Academic journal article MELUS

Barack Obama, the 2008 Presidential Election, and the New Cosmopolitanism: Figuring the Black Body

Academic journal article MELUS

Barack Obama, the 2008 Presidential Election, and the New Cosmopolitanism: Figuring the Black Body

Article excerpt

On July 24, 2008, a new American presidential candidate--one whose personal background has been attacked by some as cosmopolitan rather than sufficiently American (or even adequately black American)--declared in Berlin, "I speak ... as a fellow citizen of the world" (Obama, Berlin). In order to recall President John F. Kennedy's 1963 trip to West Berlin and to signify on Kennedy's declaration "Ich bin ein Berliner," Barack Obama used a phrase commonly attributed to an ancient philosopher, Diogenes of Sinope. At the same time, his words resonated with a well-known 1967 speech by Martin Luther King, Jr., who announced at New York's Riverside Church, "I speak as a citizen of the world" ("Beyond" 153).

Obama's reiteration of an ancient cosmopolitan credo comes at a time when some, such as Ulrich Beck, have asserted, "reality itself has become cosmopolitan" (287). On a structural scale, people live in a world of escalating international circulation, including the circulation of ideas, products, people, and capital. To quote Obama, ours is "an era of globalization and dizzying technological change" (Audacity 10). In addition to new information and transportation technologies, new transnational labor and immigration patterns have altered the conditions of life in the United States and around the world. Recent events have forcefully demonstrated that the economies of individual nations are increasingly linked to those of others. As presidential candidate Obama's claim to world citizenship in Berlin and his complicated personal history and ancestry suggest, the 44th president of the United States seems uniquely positioned to represent in iconic fashion this new cosmopolitan state of affairs.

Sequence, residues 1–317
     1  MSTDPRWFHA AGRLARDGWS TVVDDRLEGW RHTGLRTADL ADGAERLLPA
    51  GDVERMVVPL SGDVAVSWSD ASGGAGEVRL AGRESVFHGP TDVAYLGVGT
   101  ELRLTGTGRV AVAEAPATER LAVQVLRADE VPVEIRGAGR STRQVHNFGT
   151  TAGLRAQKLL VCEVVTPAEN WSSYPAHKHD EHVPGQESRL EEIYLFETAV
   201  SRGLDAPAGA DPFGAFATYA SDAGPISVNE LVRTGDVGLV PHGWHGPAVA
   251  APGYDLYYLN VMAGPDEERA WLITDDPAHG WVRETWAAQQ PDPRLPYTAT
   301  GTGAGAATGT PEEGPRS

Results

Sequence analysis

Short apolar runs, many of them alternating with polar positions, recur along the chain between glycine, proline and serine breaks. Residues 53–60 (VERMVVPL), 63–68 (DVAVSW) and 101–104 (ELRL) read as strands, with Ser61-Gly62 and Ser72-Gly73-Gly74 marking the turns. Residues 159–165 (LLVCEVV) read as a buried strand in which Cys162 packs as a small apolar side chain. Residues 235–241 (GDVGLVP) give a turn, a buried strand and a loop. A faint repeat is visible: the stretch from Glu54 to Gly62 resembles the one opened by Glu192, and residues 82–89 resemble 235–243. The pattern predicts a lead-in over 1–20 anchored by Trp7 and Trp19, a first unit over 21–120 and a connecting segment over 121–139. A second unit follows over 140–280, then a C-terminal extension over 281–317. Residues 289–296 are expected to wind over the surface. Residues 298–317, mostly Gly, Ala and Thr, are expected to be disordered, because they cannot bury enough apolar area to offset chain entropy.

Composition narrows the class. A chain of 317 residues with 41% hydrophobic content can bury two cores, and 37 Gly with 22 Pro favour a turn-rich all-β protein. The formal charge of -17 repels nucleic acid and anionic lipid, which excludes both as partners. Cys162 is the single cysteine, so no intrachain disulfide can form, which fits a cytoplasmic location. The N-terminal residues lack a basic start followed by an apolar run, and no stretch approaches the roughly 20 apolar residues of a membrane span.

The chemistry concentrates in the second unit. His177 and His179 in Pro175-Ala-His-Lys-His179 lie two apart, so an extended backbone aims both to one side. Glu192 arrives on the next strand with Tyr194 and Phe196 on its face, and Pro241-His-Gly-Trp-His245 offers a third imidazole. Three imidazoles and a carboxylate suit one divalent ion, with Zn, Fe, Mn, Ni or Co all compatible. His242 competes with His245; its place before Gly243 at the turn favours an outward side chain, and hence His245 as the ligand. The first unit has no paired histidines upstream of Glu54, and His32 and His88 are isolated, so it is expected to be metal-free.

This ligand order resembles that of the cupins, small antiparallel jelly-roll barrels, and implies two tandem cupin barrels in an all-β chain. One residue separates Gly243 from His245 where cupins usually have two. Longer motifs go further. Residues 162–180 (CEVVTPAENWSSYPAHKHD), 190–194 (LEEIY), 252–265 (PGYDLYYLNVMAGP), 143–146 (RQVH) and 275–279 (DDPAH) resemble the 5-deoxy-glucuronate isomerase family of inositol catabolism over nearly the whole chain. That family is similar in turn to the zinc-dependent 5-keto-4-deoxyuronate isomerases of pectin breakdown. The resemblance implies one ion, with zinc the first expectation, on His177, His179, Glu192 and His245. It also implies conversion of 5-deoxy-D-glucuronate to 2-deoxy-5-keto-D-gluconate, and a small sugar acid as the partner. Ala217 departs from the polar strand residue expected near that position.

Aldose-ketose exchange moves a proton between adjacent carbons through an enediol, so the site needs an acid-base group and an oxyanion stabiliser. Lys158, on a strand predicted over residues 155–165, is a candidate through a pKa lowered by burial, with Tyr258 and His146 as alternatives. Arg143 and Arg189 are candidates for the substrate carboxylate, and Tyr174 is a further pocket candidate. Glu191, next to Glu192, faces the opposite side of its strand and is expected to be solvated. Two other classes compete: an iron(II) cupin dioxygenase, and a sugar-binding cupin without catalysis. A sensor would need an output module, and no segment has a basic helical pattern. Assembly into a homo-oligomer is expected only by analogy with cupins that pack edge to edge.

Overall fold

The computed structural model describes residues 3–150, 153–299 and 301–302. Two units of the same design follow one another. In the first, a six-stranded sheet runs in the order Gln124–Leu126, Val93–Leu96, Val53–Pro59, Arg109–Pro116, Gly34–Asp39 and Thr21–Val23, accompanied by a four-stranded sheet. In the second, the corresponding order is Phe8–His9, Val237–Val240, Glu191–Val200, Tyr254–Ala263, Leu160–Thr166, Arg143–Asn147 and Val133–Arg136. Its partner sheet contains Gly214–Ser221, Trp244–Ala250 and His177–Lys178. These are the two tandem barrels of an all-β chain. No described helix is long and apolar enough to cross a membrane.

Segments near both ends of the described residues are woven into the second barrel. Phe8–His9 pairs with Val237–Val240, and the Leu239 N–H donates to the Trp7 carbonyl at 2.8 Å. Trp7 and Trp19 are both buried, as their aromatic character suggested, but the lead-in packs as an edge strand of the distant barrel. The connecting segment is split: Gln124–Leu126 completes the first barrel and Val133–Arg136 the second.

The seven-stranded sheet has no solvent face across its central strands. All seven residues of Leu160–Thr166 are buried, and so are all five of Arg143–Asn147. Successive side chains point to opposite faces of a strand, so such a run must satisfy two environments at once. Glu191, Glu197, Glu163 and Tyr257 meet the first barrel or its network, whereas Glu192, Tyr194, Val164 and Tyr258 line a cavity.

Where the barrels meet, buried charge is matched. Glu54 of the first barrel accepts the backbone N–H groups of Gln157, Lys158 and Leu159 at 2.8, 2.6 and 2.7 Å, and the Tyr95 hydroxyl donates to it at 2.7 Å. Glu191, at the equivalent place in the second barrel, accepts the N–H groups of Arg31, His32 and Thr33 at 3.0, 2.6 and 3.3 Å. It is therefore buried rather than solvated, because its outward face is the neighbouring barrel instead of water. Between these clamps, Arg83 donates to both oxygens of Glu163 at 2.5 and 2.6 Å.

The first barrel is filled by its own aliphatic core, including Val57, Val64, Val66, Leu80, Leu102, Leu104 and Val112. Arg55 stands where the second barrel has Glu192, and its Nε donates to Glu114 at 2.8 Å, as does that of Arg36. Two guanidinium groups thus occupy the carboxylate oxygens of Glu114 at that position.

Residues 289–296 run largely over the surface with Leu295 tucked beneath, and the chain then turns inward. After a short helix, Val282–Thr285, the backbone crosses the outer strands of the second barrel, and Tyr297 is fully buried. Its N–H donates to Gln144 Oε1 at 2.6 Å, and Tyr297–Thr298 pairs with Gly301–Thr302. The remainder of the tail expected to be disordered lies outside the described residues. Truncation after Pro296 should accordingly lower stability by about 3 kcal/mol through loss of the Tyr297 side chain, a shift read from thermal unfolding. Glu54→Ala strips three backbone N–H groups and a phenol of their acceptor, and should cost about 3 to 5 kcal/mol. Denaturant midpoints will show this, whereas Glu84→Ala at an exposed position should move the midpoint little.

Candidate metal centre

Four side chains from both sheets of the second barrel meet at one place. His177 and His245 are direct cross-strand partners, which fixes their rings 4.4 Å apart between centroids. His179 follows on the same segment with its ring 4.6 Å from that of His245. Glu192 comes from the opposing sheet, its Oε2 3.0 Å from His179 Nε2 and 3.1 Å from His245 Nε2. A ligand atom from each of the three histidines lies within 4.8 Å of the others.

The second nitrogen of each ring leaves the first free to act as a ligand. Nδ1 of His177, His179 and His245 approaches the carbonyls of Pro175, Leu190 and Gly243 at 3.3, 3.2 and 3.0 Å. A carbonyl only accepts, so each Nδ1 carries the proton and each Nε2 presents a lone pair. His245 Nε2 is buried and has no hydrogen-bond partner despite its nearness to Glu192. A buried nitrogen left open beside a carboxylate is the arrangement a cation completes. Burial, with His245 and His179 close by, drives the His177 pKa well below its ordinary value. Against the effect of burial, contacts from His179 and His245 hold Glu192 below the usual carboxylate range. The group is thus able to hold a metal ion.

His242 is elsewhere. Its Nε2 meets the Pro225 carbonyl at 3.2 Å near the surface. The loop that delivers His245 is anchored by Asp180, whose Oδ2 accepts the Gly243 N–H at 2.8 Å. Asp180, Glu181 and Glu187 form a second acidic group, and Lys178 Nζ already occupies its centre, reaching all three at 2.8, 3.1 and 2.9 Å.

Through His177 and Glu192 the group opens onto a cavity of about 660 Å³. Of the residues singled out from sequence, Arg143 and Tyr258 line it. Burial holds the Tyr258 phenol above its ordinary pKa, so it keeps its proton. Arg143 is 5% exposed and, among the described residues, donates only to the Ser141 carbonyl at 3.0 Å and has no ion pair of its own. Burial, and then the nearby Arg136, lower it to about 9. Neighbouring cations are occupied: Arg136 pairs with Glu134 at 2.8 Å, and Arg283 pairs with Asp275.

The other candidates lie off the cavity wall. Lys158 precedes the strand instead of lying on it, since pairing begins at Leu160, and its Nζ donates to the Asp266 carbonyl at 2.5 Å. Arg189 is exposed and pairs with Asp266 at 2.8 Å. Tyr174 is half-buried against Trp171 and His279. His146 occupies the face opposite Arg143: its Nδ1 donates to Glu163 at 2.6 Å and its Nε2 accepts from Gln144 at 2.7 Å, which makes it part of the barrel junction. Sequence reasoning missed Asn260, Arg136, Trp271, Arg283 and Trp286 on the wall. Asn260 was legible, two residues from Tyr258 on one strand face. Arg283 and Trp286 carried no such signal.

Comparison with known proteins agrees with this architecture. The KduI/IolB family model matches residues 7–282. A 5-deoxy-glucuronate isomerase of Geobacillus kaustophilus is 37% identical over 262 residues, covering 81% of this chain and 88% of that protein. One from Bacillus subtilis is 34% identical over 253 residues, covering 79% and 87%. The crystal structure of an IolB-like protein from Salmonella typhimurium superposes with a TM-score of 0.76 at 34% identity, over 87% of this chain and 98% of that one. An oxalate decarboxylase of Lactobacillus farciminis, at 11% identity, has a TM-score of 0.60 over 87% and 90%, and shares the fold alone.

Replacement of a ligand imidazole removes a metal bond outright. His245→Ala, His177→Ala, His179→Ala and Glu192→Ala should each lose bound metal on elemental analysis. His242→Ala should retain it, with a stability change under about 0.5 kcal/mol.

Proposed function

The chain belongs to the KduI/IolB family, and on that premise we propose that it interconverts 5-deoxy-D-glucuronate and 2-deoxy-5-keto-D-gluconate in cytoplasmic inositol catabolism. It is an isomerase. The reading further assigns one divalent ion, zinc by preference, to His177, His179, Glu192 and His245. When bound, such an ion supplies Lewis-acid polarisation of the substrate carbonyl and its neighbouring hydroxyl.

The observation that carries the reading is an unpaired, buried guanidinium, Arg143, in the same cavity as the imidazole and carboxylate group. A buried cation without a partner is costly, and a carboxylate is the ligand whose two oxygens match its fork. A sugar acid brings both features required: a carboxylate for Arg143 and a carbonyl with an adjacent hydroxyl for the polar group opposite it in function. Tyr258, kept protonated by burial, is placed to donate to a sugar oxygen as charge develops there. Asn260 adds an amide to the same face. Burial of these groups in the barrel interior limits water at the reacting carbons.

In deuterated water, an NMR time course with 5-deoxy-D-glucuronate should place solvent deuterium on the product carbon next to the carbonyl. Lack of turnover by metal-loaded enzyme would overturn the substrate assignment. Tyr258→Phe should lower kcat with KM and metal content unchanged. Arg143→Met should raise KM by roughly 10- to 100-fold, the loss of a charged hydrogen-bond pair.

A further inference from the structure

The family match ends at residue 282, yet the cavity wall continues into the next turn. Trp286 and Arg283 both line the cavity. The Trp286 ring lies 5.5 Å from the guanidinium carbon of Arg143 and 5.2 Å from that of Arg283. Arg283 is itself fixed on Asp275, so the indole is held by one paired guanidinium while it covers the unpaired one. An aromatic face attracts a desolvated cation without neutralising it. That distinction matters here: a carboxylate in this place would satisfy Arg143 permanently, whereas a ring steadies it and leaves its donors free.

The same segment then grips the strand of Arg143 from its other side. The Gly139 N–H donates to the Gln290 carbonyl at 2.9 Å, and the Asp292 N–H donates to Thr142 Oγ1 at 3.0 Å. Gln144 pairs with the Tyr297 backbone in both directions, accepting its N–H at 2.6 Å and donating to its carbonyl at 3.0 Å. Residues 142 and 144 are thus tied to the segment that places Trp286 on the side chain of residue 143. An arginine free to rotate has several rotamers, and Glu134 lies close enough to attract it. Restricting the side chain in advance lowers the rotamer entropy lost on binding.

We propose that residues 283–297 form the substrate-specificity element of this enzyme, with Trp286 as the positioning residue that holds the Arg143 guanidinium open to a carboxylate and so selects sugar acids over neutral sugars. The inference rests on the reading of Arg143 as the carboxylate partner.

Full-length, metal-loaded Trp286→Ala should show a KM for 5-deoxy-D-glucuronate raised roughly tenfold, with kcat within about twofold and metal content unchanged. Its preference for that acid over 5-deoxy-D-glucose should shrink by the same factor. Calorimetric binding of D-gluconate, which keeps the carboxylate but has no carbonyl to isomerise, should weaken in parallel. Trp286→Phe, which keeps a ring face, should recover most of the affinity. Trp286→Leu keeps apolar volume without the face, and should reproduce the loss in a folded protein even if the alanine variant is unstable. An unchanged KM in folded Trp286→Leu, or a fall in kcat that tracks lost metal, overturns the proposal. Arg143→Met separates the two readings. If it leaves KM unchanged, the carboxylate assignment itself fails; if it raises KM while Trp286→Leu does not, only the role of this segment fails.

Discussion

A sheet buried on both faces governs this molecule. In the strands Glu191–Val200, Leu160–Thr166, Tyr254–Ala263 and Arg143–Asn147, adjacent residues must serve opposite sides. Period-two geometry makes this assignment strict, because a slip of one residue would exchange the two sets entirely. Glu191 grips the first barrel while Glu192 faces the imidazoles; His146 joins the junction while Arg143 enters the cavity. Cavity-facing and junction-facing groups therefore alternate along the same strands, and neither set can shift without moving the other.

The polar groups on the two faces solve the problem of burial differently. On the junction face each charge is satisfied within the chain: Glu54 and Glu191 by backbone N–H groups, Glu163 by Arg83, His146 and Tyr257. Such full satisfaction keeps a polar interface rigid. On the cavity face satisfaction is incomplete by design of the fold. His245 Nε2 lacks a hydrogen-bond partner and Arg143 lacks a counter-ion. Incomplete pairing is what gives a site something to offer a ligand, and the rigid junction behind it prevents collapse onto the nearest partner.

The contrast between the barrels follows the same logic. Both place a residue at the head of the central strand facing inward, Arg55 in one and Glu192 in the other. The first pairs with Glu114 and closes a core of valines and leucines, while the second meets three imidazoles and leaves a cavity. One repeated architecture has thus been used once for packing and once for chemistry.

Obama's physical embodiment of what might be called "cosmopolitan blackness" also contributes to a current debate over the promises and dangers of a revitalized cosmopolitan social ethic. Since the mid 1990s (a time period that overlaps with the publication of Obama's 1995 Dreams from My Father), a number of black and white intellectuals, cultural critics, literary scholars, sociologists, and philosophers have demonstrated an interest in revising older theories of ethical cosmopolitanism, or the recognition of shared human rights, in ways that will make it more responsive to local bonds and affiliations. Current theorists of cosmopolitanism have been especially interested in exploring its complex relationships to nationalism, ethnicity, and cultural hybridity through the consideration of so-called "vernacular," "already existing," and "discrepant" cosmopolitanism. (1) The current attempt to recuperate a cosmopolitan ethic after the postmodemist rejection of universals and after the post-Civil Rights concentration on "identity politics" has centered on the question of whether a revitalized appeal to universal human rights can provide a basis for progressive social reform, or whether it simply promotes abstract loyalties at the expense of existing ethnic, geographical, and national communities.

What does an examination of the social meanings attributed to the raced body of the American president, who has recently been called "one of the most photographed men in the world today" ("Newly"), contribute to these debates? What does it mean when Obama positions himself as an embodiment of democratic and cosmopolitan values in his speeches and his writing? What notion of citizenship--of personal, national, and international identities--might such claims entail? To answer these questions, I first examine several social meanings that were attributed to Obama's body by the American public during the 2008 campaign, especially as they were represented in widely circulated photographs and images. An examination of the political representations of Obama reveals the degree to which the candidate's body became a contested site for competing conceptions of citizenship, ethnicity, and nation. Second, I analyze Obama's own reading of his body as an incarnation of cosmopolitan values, drawing largely upon his speeches. …

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